While I do not grow any certified organic beef at the feed yard, my favorite farmer does grow some certified organic animal feed. Matt began growing some organic alfalfa and corn in 2004 in an effort to diversify our farm. It has proven to be an effective risk management and marketing tool, but those advantages do not come without a unique set of challenges.
For animal feed to be certified organic, it has to be grown on land that has been free from all prohibited products (synthetic fertilizer, herbicides, and pesticides) for a minimum of three years. In addition, the farmer must use approved seed and also maintain a management plan which protects the soil and water quality of the farm.
In the nine years that Matt has grown certified organic animal feed, the single largest challenge has been weed control. The inability to use herbicides to spray for weeds creates an enormous task when creating a viable long term farm management plan. Despite the fact that the crop rotation plan which Matt employs goes a long way to helping control weeds, in the long term we still have a never ending weed problem.
One of Matt’s certified organic fields boarders my house and horse pastures. Several years ago, it was time to tear up the alfalfa field and rotate it into corn. Along with the corn, the sticker weeds moved in…They then spread from the edge of the field into my horse pastures and yard.
I don’t like weeds. In addition, it is my opinion that among the weed population, sticker weeds are some of the worst. They spread like wildfire and develop nasty stickers that are very painful to the touch. Because I am unable to spray the weeds on the edge of the field, the girls and I try to control the weeds the old fashioned way.
As you might guess, this chore has created some negative thoughts relative to their daddy’s organic farming. My favorite young women do not relish the character building hours that they spend hand pulling the sticker plants out of the pasture.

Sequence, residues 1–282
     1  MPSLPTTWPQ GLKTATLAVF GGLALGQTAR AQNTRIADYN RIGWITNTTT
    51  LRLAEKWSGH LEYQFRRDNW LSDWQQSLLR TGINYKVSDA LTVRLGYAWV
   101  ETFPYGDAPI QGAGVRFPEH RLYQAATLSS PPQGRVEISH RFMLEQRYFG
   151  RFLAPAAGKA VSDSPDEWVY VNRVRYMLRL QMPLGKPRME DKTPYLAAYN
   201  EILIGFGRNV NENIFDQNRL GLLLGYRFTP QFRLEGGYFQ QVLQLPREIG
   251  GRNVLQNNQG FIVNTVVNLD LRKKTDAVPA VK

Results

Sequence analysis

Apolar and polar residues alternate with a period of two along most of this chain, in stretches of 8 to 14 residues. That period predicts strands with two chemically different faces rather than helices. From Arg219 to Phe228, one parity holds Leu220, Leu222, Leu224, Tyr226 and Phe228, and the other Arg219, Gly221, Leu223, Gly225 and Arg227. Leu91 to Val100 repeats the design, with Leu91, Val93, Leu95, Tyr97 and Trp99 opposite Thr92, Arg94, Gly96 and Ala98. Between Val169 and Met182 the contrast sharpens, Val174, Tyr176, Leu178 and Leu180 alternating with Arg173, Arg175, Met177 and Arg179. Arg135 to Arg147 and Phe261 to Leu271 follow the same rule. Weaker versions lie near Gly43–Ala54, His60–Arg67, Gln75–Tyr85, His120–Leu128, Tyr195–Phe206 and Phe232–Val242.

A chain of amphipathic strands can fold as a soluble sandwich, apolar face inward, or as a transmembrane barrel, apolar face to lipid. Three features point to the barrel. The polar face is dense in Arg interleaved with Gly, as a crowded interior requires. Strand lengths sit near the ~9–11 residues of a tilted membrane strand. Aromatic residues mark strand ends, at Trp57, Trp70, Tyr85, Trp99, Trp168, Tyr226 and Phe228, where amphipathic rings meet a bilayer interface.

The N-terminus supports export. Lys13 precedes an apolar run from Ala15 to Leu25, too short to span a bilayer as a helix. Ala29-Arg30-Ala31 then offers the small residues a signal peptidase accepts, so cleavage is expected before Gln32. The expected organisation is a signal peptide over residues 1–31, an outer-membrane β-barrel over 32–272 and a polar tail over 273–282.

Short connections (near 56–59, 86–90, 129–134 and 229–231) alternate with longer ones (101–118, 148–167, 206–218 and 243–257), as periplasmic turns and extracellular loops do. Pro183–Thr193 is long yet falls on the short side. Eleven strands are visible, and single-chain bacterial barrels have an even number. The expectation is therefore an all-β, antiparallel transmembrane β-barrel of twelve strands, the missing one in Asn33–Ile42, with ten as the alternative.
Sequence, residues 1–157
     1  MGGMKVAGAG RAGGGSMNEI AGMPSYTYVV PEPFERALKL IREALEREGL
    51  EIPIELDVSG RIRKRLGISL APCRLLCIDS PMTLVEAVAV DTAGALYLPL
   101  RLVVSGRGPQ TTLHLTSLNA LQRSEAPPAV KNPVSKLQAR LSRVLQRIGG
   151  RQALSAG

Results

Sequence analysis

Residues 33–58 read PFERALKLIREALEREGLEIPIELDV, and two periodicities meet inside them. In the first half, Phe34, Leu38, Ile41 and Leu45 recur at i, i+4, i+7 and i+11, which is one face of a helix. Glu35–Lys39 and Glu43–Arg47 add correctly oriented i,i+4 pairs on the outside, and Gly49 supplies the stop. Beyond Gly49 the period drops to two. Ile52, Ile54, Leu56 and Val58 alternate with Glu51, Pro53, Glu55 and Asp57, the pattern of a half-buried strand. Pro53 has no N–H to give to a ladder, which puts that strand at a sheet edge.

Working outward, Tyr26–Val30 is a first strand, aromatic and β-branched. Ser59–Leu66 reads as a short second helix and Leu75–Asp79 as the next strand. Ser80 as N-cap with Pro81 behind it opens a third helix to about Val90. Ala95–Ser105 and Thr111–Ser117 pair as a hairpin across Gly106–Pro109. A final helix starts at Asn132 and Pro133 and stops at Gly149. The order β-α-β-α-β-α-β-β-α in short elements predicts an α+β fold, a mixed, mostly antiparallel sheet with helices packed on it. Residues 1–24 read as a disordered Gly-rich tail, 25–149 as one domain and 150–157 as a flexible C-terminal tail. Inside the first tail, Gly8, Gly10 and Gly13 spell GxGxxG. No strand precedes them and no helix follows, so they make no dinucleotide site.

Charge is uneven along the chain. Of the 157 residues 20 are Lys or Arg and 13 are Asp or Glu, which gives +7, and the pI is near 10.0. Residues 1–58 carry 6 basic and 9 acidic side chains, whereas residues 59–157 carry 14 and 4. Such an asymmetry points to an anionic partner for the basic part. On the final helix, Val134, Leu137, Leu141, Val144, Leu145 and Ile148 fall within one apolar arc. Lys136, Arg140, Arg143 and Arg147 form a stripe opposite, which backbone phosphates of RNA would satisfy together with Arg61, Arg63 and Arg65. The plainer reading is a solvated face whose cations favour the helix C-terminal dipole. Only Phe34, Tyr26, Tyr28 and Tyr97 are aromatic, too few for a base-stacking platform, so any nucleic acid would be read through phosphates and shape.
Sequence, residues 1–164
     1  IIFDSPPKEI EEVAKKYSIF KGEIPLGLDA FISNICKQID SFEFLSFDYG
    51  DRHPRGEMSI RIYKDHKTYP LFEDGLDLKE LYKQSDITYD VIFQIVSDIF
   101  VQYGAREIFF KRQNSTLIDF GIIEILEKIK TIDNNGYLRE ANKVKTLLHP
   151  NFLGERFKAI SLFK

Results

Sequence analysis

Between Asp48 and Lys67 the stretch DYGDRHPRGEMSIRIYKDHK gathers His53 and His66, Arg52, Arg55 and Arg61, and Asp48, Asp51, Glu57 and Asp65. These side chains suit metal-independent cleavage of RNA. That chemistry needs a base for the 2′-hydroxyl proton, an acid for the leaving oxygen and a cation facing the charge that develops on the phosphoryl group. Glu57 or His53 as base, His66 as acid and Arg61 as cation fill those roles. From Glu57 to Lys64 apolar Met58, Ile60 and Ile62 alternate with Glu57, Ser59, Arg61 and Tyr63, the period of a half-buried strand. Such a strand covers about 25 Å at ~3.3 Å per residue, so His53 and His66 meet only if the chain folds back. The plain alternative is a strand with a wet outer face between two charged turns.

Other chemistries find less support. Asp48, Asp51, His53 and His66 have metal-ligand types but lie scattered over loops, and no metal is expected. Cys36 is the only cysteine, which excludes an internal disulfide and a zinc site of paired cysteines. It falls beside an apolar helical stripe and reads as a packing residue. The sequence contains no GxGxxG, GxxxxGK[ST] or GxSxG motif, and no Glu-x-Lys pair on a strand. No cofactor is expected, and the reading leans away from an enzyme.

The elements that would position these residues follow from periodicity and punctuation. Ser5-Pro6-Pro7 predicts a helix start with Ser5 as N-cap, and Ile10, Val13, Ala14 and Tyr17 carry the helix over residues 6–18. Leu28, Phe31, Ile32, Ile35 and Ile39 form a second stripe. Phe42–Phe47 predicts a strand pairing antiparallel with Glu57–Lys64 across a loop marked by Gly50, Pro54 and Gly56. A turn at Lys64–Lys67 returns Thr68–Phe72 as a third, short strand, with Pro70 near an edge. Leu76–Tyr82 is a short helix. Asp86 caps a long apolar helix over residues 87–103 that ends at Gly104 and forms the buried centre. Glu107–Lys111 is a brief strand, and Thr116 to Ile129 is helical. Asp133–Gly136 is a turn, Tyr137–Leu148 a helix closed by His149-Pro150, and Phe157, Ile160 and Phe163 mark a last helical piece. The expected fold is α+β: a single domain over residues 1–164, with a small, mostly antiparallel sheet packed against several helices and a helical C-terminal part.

While the parent in me thinks that this process is a good learning experience for the girls, the farmer in me feels a certain level of frustration with our current inability to effectively control weeds in the long term on the organic fields and boarders of our farms. Matt is constantly searching for ways to deal with this weed challenge, and the girls and I are certainly hopeful that he will soon be successful 🙂
Over the years, I have learned that no food production system is perfect—each type comes with its own unique set of pros and cons.
There is no pot of gold at the end of the rainbow, rather there are hard management decisions that lead to less than perfect results. The bottom line is that we do the best that we can with our ultimate goal being a long term sustainable farm.
Because different people desire different types of food products, both production systems have a place in our society. Matt and I have chosen a diverse blend on our farm in order to attain a broad spectrum of financial, environmental and social sustainability. My favorite farmer and I have many passionate discussions as we routinely evaluate what is the best course for our farm.